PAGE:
Hiring a Nanny: Top 5 steps to take
You’ve determined you need a nanny, you’ve found a great candidate and you’re ready to hire her. Stop! Before you officially hire a new nanny, make sure you’ve done these five things so that you -- and your new nanny -- can feel confident about the situation.
Sometimes you meet someone and your personalities mesh. Perhaps this happened when you were interviewing nannies. You just know that you found the right person. And while you probably did find the perfect nanny for your family, Candi Wingate, president of nannies4hire.com, cautions you against hiring her before you take the following five steps.
Run a background check
It's almost entirely likely that your new nanny is telling the truth when she says she does not have a criminal record. Nonetheless, you're trusting her with your children and that calls for more than just good intuition. Plus, background checks are standard for most jobs. Many nanny agencies will run a background check for you, but if they don't, make sure do.
Obtain her driving record
If your nanny will drive your kids, make sure you get a copy of her motor vehicle record for each state in which she has had a license. Nobody's perfect -- let's be honest, we've all gone a few miles over the speed limit -- and you have to determine what you're comfortable with as far as driving infractions. However, if she has multiple speeding tickets within a short period of time, or more than one at-fault accident, perhaps this isn't the person you want behind the wheel of a vehicle carrying our children.
Calling references is a waste of time, right? Nobody would use a reference that can't give a good review! Actually, you'd be surprised. Wingate insists that it's extremely important to always call references and ask them about their experience with your nanny candidate. She also recommends asking for landline numbers instead of cell phone numbers, as this allows you to independently verify the validity of the reference.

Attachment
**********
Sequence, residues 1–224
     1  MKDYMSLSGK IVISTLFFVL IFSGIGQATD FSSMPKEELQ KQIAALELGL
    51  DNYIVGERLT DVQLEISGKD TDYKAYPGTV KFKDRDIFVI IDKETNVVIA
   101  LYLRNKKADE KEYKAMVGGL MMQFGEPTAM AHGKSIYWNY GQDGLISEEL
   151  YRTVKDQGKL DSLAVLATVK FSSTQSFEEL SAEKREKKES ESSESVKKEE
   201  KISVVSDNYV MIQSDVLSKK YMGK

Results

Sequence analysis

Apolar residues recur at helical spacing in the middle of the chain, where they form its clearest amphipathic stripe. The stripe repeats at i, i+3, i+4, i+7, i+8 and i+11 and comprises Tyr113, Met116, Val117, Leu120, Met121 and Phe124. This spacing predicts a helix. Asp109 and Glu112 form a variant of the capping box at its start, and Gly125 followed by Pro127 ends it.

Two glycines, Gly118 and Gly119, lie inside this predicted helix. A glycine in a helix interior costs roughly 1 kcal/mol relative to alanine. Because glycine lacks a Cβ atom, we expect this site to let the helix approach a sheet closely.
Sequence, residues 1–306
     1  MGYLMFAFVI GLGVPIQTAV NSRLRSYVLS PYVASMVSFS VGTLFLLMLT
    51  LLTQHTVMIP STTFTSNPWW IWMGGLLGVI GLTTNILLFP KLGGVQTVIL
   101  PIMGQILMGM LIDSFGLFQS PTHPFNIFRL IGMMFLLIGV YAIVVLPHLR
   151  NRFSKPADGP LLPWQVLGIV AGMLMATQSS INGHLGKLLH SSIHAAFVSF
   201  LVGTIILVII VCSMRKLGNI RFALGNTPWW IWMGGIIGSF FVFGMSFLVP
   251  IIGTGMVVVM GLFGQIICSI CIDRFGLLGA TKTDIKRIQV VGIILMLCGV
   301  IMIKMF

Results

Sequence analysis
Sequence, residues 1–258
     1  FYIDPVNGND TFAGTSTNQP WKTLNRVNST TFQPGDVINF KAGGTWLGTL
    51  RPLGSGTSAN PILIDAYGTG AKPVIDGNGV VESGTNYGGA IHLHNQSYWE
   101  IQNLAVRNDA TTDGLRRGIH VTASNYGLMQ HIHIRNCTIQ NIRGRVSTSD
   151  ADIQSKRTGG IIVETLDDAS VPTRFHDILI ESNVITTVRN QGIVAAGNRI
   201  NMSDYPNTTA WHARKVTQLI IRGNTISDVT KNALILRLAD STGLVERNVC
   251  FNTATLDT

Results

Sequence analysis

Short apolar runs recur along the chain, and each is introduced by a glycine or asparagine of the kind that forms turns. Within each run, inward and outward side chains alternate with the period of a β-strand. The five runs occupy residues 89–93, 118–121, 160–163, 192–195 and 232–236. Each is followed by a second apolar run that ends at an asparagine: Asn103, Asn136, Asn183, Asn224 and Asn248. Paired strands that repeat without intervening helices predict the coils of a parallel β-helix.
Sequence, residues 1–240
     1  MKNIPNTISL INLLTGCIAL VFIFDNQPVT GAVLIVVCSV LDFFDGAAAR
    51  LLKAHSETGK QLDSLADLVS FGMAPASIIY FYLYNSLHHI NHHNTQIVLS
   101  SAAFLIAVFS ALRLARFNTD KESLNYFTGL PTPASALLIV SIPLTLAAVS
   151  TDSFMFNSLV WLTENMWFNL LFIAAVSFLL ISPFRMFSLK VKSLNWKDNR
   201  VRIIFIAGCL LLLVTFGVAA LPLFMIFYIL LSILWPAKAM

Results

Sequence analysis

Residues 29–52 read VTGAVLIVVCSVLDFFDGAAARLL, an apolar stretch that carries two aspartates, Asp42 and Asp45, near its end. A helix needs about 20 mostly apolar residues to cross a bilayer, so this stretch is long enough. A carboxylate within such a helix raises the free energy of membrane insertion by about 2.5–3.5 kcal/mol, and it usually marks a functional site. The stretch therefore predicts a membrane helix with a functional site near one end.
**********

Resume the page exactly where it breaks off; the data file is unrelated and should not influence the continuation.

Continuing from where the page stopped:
Draw up a contract
Creating a contract for your nanny is a must. "Sit down with your nanny and discuss it. Be sure to include anything pertaining to the job so that she understands what is expected of her," Wingate explains. "Lay out each of her responsibilities, the pay day, whether she will be using your car, keeping track of mileage if she uses her own car, etc." By addressing all of your expectations and the details of the job up front, you will avoid misunderstandings and frustration in the future.
Make sure you nanny has met your children
This seems obvious, but some parents skip this step. If you interview nannies without your children present, make sure you schedule time for her to interact with your kids. You might have found a wonderful nanny candidate, but it's possible her personality and your child's personality won't mesh.
>> Do you have any must-do tips for your fellow moms before they officially hire a nanny? Please share them in the comments section below.
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